Michael Vick, DeSean Jackson Create Significant Challenge for Patriots’ Defense With Well-Planned Scrambling Ability

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Michael Vick, DeSean Jackson Create Significant Challenge for Patriots' Defense With Well-Planned Scrambling AbilityFOXBORO, Mass. — There will be plenty of occasions Sunday when the Eagles' offense will break loose and look like an exciting, up-tempo, freewheeling mess, but there's a lot of organized chaos hidden in that madness.

Philly quarterbacks Michael Vick, who didn’t practice Wednesday and might not play Sunday against the Patriots, and Vince Young are two of the best scramblers in the NFL. When their protection breaks down and they escape from the pocket, it puts a ton of pressure on opposing defenses, and that will be a significant challenge for New England this week.

Every team runs a scramble drill at practice, and it starts as early as training camp. It's even more important for the Eagles' receivers because they've got to know how to stay in rhythm with Vick and Young when they duck out of the pocket. Though there are times when Vick and Young look like they're running around in their own personal playground, there is a routine that the receivers follow.

"The quarterback and receivers, they're definitely on the same page," Patriots cornerback Kyle Arrington said. "When they scramble, they have certain patterns that they run. We have to do a good job of recognizing that when it happens and stay with them."

Eagles receivers DeSean Jackson and Jeremy Maclin, among the others, will follow a set of guidelines when the quarterback breaks the pocket. They'll run toward the quarterback's side of the field to stay in his line of sight, and depending on the depth of their planned patterns, the receivers will typically break off into short, intermediate and deep passing routes.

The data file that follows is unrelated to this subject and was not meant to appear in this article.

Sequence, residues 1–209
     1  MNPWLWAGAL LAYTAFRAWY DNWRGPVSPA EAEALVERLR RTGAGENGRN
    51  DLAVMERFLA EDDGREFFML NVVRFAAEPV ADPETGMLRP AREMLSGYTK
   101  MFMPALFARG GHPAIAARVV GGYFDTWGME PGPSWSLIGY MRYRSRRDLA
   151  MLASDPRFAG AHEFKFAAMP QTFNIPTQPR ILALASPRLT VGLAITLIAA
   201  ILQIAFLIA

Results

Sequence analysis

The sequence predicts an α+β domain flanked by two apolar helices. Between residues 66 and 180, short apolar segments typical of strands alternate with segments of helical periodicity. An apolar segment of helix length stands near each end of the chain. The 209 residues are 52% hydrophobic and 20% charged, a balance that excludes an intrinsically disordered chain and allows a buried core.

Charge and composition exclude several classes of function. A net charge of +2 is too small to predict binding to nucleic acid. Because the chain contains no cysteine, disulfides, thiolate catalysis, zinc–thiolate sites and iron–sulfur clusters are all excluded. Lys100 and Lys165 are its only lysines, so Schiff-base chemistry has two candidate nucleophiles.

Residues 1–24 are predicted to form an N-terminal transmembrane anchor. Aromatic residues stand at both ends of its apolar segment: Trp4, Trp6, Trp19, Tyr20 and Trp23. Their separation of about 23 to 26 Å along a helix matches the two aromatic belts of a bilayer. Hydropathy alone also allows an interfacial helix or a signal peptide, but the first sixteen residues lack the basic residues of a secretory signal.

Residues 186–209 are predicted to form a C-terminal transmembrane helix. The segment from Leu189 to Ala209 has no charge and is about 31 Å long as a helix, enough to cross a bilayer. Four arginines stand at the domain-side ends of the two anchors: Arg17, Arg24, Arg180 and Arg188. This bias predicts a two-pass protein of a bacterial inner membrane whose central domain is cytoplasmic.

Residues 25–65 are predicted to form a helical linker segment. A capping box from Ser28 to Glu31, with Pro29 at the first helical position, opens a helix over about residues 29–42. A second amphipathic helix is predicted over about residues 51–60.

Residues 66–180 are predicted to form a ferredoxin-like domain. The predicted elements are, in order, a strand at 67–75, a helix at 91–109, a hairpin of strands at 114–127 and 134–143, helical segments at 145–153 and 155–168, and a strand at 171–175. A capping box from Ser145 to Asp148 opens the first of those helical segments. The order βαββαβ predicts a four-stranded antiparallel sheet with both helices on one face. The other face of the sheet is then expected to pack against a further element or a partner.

The other challenge is their speed. Jackson is one of the fastest players in the NFL, and his game resembles that of Pittsburgh wideout Mike Wallace, which could mean the return of a particular practice technique. When the Patriots prepped for the Steelers, wide receiver Matthew Slater—the fastest player on the New England roster—lined up two yards offsides to simulate how quickly Wallace can break into the defense, and players noted that tactic could likely be employed again this week.

The discipline the Patriots' defensive backs and linebackers will need is two-fold. First, they can't stop moving because of the Eagles' sheer speed and athleticism.

But there's another layer there, too. Vick and Young are good at running to set up a pass. When the Patriots see the Vick or Young take off, they've got to stay in their defensive assignment until the quarterback crosses the line of scrimmage because a breakdown in coverage could lead to a long pass down the field.

It all plays into one of the biggest defensive challenges of the season for New England.

"That could be a big thing," defensive back Sterling Moore said. "If your job is to be in your zone or cover this guy, we call it 'don’t bite the cheese.' The temptation is there, but you have to be disciplined enough to stay with your responsibility.

"When you start trying to do other people's jobs and come off your responsibility, that's when you're going to give up big plays. If we stay on our jobs and our responsibilities, we'll be all right."

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